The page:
I'm scribbling this on the back of a Thai food takeout menu I found in Priscilla's house of electrically powered horrors, even though I saw a perfectly good (and thanks to Nano-Priscilla, perfectly powered-up) laptop in one of the bedrooms. But using any of the technology in the house feels wrong, for some reason. Like I'd be somehow accepting or validating everything Priscilla and the nanotech are doing.
Being trapped in here with the woman who should be but isn't my wife, I keep coming back to the same question: when was the moment I knew that I loved her, couldn't live without her? Because whatever that moment was, it curved the arc of my life - if I'm being really honest, it changed the course of human history. Because without Priscilla, I never would have been inspired to write the software that now powers the nanotech. And without that software, maybe the Blackout never would have happened. None of this series of catastrophes and heartbreaks would have. Don't think the irony of that isn't fully noted and recognized - meeting Priscilla eventually and inexorably led to me losing Priscilla. The one thing I want back the most from my old life is the thing that caused my old life to cease to exist.
Some people talk about love at first sight, but that wasn't Priscilla and me. When I first saw her, she annoyed the crap out of me. My roommate at the time, Peter, brought her over to "study." By that, I mean he was trying to use his computer science prowess to woo and impress her - only, it turned out Priscilla was way smarter than Peter, and he needed her help more than she needed his. Anyway, she came over to our apartment while I was trying to get some important work done, and - well, I shouldn't lie to my own journal. I wasn't working, I was trying to watch "Futurama," and her entrance into my life was a rude interruption. I knew Peter liked her, and so according to the unspoken rules of men, she was off limits to me. So after he introduced us, I went back to my show, and put the whole thing out of my head. For about 30 seconds. And then I spent the rest of the night regretting I had been impolite to her, sure she'd forever think of me as "that dick watching the robot cartoon."
Only... I got a second chance. And, being me, I screwed that one up, too. I was working one night in the computer lab on a less-than-authorized project - a bit of software that could solve all of the lower-level computer science coursework (which, yes, I intended to sell to idiots; we all have to eat). Priscilla came in looking for Peter and she found me instead. She was sad about something, I never quite knew what. And I felt this urge to comfort her. To do whatever I could to make her feel better. As she was walking away I remember thinking that I should drop everything and follow her. Was that the moment I knew? May well have been, except I hesitated, and she left, and I wouldn't see her again for more than a year.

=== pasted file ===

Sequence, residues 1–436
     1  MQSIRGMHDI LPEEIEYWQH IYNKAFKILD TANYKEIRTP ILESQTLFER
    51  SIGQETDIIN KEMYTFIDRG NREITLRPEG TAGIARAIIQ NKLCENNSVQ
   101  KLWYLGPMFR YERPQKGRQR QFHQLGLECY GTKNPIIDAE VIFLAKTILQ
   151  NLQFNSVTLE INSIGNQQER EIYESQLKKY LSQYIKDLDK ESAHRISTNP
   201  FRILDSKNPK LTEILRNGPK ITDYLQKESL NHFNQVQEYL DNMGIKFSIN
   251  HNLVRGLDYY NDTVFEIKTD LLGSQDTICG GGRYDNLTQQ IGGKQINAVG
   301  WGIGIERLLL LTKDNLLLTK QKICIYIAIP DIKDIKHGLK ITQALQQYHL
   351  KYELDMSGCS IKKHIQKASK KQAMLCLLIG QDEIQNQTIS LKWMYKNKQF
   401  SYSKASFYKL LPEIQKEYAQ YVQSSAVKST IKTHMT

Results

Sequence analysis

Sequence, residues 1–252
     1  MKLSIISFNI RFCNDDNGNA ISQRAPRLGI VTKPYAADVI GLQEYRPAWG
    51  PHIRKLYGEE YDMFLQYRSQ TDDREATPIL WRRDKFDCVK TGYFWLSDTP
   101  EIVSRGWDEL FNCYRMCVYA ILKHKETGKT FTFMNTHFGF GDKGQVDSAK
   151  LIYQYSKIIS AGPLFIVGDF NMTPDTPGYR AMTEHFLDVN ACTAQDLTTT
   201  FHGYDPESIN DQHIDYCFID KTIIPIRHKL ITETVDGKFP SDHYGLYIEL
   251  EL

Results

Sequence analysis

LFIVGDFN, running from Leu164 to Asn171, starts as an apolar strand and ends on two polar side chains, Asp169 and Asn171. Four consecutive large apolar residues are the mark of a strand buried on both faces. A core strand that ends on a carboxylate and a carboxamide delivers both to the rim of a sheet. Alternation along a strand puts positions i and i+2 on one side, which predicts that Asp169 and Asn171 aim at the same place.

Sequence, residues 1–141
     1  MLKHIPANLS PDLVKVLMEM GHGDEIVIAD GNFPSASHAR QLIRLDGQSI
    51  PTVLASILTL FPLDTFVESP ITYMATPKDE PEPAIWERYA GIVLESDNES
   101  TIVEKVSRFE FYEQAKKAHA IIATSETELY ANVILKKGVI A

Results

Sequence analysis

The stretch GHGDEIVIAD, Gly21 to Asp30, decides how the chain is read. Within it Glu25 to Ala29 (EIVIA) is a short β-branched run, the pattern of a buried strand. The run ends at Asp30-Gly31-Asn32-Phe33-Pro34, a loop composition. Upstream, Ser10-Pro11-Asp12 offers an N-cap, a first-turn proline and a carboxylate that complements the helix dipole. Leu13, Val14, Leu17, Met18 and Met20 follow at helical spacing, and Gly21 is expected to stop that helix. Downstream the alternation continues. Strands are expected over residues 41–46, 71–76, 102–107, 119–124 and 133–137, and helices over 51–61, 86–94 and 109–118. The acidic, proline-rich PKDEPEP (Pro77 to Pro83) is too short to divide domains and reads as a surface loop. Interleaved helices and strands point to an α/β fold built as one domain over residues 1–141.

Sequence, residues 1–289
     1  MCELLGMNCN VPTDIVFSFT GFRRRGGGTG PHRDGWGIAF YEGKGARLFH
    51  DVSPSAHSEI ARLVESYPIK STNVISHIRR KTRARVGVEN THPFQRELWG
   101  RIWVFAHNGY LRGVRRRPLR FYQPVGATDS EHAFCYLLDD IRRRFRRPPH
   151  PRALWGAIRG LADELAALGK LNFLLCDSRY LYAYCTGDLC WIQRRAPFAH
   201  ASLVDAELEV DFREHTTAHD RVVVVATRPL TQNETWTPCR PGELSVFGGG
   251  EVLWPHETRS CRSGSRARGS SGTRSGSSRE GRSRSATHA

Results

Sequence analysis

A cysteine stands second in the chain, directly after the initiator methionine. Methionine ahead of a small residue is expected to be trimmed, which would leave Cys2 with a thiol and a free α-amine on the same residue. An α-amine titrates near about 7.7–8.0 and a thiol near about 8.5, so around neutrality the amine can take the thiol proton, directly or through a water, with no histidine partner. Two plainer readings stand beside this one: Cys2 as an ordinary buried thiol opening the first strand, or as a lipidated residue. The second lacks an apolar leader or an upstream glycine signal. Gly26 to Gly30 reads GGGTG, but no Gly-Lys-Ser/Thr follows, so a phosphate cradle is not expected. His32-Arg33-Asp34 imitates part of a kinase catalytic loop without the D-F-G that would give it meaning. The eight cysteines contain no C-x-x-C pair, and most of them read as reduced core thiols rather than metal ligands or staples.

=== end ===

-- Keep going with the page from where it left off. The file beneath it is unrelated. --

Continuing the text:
So maybe this is a story about third chances. About the morning when I was getting coffee after staying up all night working on code, and she was getting coffee because she's a normal person who sleeps at night and is awake during the day. We stood next to each other for two minutes in line before I built up the nerve to talk to her - and then before I could, she turned to me and asked if I was Peter's friend. The one who loves "Futurama." And just as I was starting to apologize for what an ass I'd been to her the night we met, she told me she loves "Futurama" too. And by the time we'd finished our coffee, we'd made plans for our first date.
But none of these were really the moment. There were a hundred more moments just like them, and each one holds special meaning for me - the night we first kissed, when I proposed, our wedding day and the day I got my deal at Google with her right by my side... all of those pale in comparison to the moment.
Three months after we started dating, I broke up with Priscilla. I wasn't mature enough to handle balancing my school life and my romantic life - simply because I'd never really had a romantic life before. I'd had girlfriends, but nothing serious. Nothing that couldn't be set aside at a moment's notice so I could play Diablo with my friends for six hours. As I was telling Priscilla how I felt, trying to let her down gently, I got a sour feeling in the pit of my stomach. I remember thinking she was remarkably composed for someone getting dumped by an obvious loser like me, but I also could tell that beneath the mask, she was genuinely hurt. And in that moment, all I could think about was her walking away from me the year before in the computer lab. How much I regretted not going after her, doing anything I could to make her feel better. Whether it was chemical signals in my brain or some unknowable, transcendent force of the universe, I loved her, and I cared more about her happiness than my own, and now I was putting myself in the position of making her unhappy. I was a lunatic. An idiot. A complete and total Every-Man-on-Earth. So I had to fix it. With a lot of work, I did fix it. I convinced her I was delirious from lack of sleep, which wasn't hard for her to believe, and I told her I loved her and asked her to please never do to me what I had just tried to do to her.
I probably made that seem like it was the moment. Sorry about that. It wasn't.
The moment was that night, at dinner, when I said something dumb that I've totally forgotten, and she laughed, and I loved her even more, and I already thought I loved her as much as I could. I realized that every day with her could be better than the one before. I knew I wanted to be with her forever. That was it. A perfect moment. The moment I knew.
Today, in this house, trapped with what's left of Priscilla... when I looked in her eyes and saw no trace of the woman I once loved... that was the moment I knew I had to kill her.
- Aaron Pittman